This morning, freshman Democratic Reps. Ritchie Torres and Daniel Goldman, both of New York, filed a complaint against Santos with the Ethics Committee, alleging that his “sparse and perplexing” financial disclosures, which contradict various public statements he has made, amount to violations of the Ethics in Government Act.
But there might be a wait before the Ethics Committee can start any serious work on a Santos investigation. The Republican rules package that passed Monday evening effectively defanged the Office of Congressional Ethics. Made up of a six-member board (plus two alternates) and a small staff, the office was created in 2008 to serve as a kind of independent adjunct to the Ethics Committee—conducting investigations, sharing information, and making recommendations to it. The new House rules say the office can only hire new staffers before February 8 and with the support of four board members. But the rules also reimposed term limits on board members, effectively booting three of the four former members of Congress on the board. Those board members can be replaced, but that process could take some time, and probably can’t be accomplished before the February 8 window for hiring staffers closes. So the office could be crippled for the remainder of this congressional session; at the very least it may not be fully operational anytime soon. Considering how closely the office and the committee have sometimes worked together, a Santos investigation might be delayed.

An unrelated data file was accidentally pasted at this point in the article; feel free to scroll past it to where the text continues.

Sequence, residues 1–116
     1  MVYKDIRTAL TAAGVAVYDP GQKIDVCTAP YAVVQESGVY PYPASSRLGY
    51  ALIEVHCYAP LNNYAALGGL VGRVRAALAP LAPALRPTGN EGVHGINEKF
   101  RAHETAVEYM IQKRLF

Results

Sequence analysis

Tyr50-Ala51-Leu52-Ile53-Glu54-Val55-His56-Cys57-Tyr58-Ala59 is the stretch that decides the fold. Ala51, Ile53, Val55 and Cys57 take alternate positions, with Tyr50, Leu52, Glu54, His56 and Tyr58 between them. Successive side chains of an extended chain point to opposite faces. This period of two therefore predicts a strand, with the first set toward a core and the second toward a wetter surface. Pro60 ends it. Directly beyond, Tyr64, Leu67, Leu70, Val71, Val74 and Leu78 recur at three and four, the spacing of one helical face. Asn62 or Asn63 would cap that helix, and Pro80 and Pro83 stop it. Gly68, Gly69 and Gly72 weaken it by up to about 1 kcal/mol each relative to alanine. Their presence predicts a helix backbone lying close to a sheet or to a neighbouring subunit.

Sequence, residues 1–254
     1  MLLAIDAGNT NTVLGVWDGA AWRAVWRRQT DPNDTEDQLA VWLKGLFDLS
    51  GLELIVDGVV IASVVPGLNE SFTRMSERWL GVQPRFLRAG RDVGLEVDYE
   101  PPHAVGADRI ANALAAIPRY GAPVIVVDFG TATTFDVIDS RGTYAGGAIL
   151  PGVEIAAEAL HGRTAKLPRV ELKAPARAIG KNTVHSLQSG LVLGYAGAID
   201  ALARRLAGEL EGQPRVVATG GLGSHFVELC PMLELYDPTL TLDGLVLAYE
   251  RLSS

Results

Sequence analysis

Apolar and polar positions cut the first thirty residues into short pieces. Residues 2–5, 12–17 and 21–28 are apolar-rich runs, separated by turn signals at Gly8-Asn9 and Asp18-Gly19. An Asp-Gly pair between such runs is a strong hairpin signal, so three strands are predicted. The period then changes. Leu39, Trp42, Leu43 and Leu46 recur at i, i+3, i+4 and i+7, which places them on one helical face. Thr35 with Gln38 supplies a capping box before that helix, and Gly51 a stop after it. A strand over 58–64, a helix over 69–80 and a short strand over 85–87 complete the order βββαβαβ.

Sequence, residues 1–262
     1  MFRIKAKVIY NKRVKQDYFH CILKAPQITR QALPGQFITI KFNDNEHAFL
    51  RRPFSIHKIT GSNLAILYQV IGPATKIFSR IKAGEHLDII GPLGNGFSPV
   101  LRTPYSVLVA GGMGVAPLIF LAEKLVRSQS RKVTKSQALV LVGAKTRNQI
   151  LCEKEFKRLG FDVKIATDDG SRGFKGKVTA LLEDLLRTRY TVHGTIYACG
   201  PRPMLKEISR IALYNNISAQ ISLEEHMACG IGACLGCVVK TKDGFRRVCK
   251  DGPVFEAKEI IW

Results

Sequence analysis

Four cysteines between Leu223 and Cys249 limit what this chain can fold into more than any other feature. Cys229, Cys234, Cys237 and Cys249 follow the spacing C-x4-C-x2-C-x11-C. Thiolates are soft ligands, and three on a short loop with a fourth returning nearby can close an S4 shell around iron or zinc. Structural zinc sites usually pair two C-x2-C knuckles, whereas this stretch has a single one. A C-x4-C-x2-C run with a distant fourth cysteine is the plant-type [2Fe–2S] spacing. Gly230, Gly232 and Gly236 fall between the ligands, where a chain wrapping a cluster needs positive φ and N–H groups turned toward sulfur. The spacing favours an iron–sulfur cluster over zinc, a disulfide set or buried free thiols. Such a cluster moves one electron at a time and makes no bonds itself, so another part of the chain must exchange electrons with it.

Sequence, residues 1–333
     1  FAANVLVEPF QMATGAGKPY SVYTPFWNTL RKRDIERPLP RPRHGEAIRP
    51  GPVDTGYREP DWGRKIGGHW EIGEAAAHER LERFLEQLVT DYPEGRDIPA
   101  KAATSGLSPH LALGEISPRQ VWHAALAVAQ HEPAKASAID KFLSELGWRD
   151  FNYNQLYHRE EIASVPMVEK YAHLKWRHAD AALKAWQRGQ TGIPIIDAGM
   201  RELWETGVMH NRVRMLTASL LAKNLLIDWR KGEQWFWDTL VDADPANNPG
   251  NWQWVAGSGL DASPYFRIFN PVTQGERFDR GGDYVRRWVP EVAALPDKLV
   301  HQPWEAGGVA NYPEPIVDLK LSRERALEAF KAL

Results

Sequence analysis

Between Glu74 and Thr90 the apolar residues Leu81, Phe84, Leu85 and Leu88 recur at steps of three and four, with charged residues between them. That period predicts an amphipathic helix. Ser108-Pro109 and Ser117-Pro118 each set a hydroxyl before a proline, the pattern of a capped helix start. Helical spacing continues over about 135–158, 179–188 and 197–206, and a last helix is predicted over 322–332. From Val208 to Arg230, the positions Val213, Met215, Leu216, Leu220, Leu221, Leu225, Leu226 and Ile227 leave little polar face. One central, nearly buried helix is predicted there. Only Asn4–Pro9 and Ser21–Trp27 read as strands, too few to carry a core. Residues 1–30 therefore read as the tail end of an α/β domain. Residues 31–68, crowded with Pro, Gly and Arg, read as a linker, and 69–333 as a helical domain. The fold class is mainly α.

Looking ahead, what can we expect of the new House Republican majority?
With Democrats still in control of the Senate and the White House, it looks like much of the next two years will be spent on “messaging” bills—that is, bills not expected to become law but just meant to send signals to voters—and narrative-driving oversight.
The Republicans who spent all of last week stonewalling Kevin McCarthy’s speakership bid secured a long list of concessions and rules changes. Among them were promises to vote on a handful of far-right priority bills.